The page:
Scientists at Maynooth University have devised a solution to what is a major challenge for cities worldwide – the provision of widespread, free, effective broadband for all their citizens.  For more than 10 years, this has been a goal of cities in their drive to support the ‘smart economy’ but it had remained elusive due to technological limitations.

“It’s a very complex problem and a decade of research internationally had failed to provide any real progress.  The key was to stop looking for complex solutions, think differently about the issue and come up with simple answers to the issues”, said Professor Doug Leith, Director of the Hamilton Institute at Maynooth University.   

The two main barriers to creating successful municipal wireless networks are Interference and Fairness.  In order to effectively cover a city, it is necessary to provide many WiFi transmitters in close proximity to each other.  However, as all are constantly broadcasting and receiving, these transmissions interfere and collide with each other, resulting in poor quality connections for most users.   It has also been very difficult to allocate bandwidth evenly between users, meaning a small number of lucky users monopolise most of the resource available, depending on their location, type of computer and other factors.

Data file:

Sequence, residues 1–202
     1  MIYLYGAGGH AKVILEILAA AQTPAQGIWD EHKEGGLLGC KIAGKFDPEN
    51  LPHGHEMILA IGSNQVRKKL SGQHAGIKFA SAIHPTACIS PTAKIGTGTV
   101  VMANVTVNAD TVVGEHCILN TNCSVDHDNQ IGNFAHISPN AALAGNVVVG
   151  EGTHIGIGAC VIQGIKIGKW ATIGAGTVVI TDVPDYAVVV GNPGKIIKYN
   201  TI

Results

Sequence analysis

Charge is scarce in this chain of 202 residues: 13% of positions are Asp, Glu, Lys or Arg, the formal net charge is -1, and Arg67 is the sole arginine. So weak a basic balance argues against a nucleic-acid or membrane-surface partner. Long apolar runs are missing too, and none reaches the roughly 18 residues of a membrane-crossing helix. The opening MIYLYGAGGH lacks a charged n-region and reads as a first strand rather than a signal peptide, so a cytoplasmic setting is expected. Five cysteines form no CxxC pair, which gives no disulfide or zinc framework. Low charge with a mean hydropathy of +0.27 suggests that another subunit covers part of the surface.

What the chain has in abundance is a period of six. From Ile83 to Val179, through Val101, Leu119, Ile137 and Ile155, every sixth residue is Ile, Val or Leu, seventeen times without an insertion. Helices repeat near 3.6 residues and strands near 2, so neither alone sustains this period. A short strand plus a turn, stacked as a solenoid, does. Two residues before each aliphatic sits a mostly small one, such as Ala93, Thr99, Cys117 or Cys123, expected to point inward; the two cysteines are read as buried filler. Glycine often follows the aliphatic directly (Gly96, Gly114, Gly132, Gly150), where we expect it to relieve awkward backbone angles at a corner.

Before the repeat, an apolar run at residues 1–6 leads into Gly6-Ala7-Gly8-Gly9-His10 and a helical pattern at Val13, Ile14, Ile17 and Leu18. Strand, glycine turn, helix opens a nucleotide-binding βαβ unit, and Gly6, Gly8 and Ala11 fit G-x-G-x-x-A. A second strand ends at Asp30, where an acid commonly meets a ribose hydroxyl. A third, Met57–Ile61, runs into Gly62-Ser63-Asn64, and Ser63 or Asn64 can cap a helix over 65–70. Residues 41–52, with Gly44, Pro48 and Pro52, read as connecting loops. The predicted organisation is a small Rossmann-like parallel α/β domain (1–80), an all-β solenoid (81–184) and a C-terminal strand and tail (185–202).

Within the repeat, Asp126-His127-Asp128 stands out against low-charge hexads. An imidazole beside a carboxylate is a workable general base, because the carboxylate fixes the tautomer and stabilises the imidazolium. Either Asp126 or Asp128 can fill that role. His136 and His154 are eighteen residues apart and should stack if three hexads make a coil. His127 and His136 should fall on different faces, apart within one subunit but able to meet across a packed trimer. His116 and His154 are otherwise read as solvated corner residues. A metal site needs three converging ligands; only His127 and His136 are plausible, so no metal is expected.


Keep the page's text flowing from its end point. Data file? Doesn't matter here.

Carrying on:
Professor Leith and colleagues Ken Duffy and David Malone, developed a new mathematical framework to analyse the functioning and behaviour of radio signals in these situations, and from this new perspective have developed software programs which circumvent the Interference and Fairness issues meaning the WiFi transmitters operate effectively.  The software has been proven in trials.  The Hamilton Institute, based at Maynooth University is a world leading multi-disciplinary research centre, focused on the bridge between mathematics and other disciplines, including information technology and biology.